Turkish Football News

Tough days ahead for Besiktas

Are besiktas in trouble?

The Black Eagles are going through a tricky phase as a club and supporters need to brace themselves for the bad times ahead.

After three consecutive seasons of dominating the Super Lig, good runs in the Champions League and Europa League, and stellar moves in the transfer market, things do not look bright for Besiktas. After a couple of uninspiring performances, a sense of frustration now overshadows the Black Eagles’ ambitions to make it to the top of the Turkish Super Lig. A gloomy outlook also troubles the club administration under Fikret Orman, the Besiktas chairman for the past six years.

The financial problems started last April after the Turkish powerhouse missed an opportunity to claim the domestic league title and participate in the UEFA Champions League. The under-performing team has been booed even by their most devout fans and reports of internal conflicts only add to Orman’s woes.

The Black Eagles were financially challenged when Orman was elected as chairman in 2012. Besiktas finished fourth in the Super Lig that season. It also declared the 2012-13 season as “FEDA” (Lifetime Commitment) season, asking fans for solidarity. It sought to limit club spending by focusing on cheaper, younger talents. The FEDA campaign didn’t prove to be a hit with fans as the club asked their supporters to be patient as the team recovers. It marked the rise of the Orman administration, which went on to take the next step in the club’s transition: replacing their historic stadium with a modern, world-class stadium.

For the next two seasons, Besiktas played their games in different stadiums across Istanbul as they waited for their new home-ground to be built. This didn’t slow them down, however, as they put in solid performances consistently and rose further in the league with Croatian coach Slaven Bilic at the helm. Under Bilic, Besiktas raised their profile and started hiring more prominent players. However, it did not last long and Bilic was eventually replaced by his predecessor Samet Aybaba.

In 2015, a new era for Besiktas began with the successful sales of Demba Ba and Atinc Nukan for €13 million and €6 million,  respectively. The sales helped the club cope with financial losses. That same year, Besiktas fully regained their place in Turkish football’s Big Three, next to Fenerbahce and Galatasaray. But that rise was much to the credit of Besiktas’s new coach Senol Gunes. The veteran Turkish coach, who took the Turkish national football team to the World Cup semifinals in 2002, brought two consecutive league titles for Besiktas.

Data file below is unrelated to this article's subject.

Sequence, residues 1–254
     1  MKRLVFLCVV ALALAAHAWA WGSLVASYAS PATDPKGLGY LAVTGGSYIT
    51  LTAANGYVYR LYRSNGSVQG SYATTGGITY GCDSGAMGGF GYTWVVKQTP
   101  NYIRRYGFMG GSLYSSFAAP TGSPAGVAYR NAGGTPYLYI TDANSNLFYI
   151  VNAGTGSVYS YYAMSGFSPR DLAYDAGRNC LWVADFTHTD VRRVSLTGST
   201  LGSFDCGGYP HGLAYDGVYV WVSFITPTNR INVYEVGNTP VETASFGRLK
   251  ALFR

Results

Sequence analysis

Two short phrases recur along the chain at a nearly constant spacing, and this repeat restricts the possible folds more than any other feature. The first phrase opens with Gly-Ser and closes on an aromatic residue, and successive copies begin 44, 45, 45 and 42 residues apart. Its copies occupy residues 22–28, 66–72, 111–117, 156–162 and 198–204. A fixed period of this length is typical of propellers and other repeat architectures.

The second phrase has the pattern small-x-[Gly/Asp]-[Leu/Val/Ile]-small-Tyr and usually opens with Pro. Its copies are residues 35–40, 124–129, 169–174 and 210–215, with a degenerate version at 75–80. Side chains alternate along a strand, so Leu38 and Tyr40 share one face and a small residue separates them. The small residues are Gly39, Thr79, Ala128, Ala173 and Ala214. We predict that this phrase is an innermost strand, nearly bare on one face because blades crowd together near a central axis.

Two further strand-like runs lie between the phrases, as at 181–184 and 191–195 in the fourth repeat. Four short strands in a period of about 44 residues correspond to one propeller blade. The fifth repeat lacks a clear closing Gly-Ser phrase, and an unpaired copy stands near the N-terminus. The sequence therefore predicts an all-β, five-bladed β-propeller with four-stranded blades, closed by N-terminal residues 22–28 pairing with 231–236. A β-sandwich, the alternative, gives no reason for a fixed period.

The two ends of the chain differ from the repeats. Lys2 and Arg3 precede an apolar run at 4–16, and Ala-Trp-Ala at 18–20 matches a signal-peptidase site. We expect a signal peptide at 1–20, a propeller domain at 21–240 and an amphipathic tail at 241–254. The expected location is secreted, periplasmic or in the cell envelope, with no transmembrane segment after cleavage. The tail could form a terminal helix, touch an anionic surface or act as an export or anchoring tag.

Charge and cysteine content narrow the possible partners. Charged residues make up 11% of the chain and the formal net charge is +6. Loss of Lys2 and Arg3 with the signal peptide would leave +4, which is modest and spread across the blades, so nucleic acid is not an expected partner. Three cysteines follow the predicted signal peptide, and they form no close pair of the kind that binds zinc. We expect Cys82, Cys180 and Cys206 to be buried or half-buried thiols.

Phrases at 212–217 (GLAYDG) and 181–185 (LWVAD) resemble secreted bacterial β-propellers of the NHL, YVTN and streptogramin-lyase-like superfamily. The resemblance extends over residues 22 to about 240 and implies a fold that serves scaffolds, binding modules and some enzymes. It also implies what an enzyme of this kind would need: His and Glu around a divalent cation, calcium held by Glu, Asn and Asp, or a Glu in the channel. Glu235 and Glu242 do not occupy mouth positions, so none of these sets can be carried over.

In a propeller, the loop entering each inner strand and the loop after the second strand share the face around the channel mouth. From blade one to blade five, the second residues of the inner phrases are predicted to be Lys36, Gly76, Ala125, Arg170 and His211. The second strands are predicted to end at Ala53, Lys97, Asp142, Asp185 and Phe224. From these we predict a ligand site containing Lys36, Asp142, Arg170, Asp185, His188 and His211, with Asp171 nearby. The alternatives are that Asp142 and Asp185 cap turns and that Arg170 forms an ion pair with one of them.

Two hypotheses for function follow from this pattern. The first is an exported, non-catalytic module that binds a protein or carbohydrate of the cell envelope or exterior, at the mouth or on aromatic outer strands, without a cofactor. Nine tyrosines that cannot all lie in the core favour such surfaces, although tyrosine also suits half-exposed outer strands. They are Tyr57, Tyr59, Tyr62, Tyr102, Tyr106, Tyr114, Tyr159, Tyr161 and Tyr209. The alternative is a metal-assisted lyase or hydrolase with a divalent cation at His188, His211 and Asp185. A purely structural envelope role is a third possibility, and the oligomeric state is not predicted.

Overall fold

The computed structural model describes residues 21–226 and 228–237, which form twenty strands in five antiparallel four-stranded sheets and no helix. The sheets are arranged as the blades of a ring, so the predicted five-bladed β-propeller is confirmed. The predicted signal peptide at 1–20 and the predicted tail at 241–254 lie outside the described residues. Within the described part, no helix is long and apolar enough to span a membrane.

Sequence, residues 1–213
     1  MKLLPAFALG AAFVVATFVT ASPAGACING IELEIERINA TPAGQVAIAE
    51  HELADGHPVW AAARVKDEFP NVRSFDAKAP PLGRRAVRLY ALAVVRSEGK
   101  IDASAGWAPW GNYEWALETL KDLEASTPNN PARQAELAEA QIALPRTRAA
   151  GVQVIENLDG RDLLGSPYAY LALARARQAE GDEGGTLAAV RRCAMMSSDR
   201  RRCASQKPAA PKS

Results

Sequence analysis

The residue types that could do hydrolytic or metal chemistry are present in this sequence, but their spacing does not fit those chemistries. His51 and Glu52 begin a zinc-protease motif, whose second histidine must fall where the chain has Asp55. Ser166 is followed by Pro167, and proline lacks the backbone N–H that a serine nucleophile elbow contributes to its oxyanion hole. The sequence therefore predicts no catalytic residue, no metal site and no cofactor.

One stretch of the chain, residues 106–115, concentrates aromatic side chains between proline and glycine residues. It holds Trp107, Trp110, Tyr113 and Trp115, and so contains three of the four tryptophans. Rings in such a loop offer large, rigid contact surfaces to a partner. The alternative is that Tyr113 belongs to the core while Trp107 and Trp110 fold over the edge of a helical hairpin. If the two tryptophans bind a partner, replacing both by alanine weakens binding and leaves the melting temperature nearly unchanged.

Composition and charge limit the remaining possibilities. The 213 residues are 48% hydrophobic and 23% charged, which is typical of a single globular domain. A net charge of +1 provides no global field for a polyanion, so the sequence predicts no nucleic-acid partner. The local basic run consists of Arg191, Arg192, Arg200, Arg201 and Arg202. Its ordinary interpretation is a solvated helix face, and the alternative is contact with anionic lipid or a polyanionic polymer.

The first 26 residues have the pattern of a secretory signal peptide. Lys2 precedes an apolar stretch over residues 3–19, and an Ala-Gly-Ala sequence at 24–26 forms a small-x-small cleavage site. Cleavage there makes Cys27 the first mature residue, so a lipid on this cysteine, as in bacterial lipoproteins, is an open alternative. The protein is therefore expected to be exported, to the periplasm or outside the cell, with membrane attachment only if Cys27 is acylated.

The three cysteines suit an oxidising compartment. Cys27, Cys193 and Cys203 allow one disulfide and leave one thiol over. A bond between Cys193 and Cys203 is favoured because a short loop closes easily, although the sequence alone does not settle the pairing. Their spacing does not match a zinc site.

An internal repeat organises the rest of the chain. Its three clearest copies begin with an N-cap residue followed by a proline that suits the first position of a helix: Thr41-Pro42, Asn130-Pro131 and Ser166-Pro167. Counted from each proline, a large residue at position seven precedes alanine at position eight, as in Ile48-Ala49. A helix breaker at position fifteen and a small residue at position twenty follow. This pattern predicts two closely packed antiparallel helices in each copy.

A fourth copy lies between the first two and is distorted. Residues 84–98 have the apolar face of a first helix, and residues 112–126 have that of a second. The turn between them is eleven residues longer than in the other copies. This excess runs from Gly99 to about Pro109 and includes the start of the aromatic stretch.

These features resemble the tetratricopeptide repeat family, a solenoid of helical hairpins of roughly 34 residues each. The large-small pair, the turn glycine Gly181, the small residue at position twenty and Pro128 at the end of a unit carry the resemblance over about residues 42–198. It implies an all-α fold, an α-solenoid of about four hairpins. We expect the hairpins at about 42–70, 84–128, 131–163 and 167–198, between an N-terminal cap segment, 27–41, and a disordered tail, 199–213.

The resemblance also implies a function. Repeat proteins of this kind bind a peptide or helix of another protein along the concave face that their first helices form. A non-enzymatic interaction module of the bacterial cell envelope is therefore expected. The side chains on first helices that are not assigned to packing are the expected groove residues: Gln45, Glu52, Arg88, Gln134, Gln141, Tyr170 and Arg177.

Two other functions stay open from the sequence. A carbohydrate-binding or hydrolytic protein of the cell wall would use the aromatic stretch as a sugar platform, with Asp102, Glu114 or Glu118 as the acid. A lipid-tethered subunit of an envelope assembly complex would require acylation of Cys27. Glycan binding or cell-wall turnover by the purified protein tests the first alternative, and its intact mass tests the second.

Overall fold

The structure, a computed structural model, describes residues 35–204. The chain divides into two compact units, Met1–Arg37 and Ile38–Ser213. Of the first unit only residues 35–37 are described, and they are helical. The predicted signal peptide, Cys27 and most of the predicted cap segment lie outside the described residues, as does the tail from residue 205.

He brought in names like Atiba Hutchinson, Jose Sosa, Oguzhan Ozyakup, Olcay Sahan, Ricardo Quaresma, Gokhan Tore, Mario Gomez and Cenk Tosun. Gunes won the hearts of fans and detractors with his own “tiki-taka” style of play, which was something relatively new for Turkish football. Add this to the opening of the Vodafone Park, the club’s new stadium with a magnificent view of the Bosporus and the club soon started basking in glory. The coffers were soon brimming with revenues from rising ticket sales, sponsor deals and Besiktas was viewed as a club with a bright future. It was the best in managing transfers, with a policy based on loans to other teams which helped boost revenues.

Though the club parted ways with its three top performers in the 2016-17 season, it managed to fill the void with Talisca, Adriano, Vincent Aboubakar and Ryan Babel who helped  Besiktas to a second league title in two seasons. The only downside for the team was missing out on the Europa League semifinals.

Happier times for the club; they finished 1st in their CL group in 2017/18.

The next season also went relatively well, with no defeats in the Champions League. However, the team’s performance in the Turkish top flight had somewhat stalled. They brought in Spanish striker Alvaro Negredo, who failed to deliver and bring Besiktas out of middling performances. Still, the record €23 million sale of striker Cenk Tosun to Everton mid-season made the Orman administration popular again. The club, however, struggled to find a replacement in Canadian forward Cyle Larin. With Larin’s transfer, fans started to question whether the club was making poor transfer decisions.

Besiktas started this season with multiple sales that brought in some €13.5 million in revenues but the club failed to meet coach Gunes’ demand for a right winger and a striker. They sold Negredo soon after the start of the season despite a solid start by the Spanish international this year.

Today, the team finds solace in seventh place in the Super League as of game week 12. But the past few weeks have been marked by fans protesting against the players, club president and the economic woes plaguing the club. Tolgay Arslan, who was under fire for his poor performance, was removed from the first team earlier this week and is reported to be close to being sold this winter. The club is also considering relieving the under-performing Oguzhan Ozyakup of his duties as captain.

The club administration, meanwhile, is stuck in a financial bottleneck. They are now devoid of at least €45 million, an amount the would have made if they had qualified for the Champions League group stages. Besiktas are already struggling to pay their players and if they cannot find new sources of revenue, the club could sink into further troubles.

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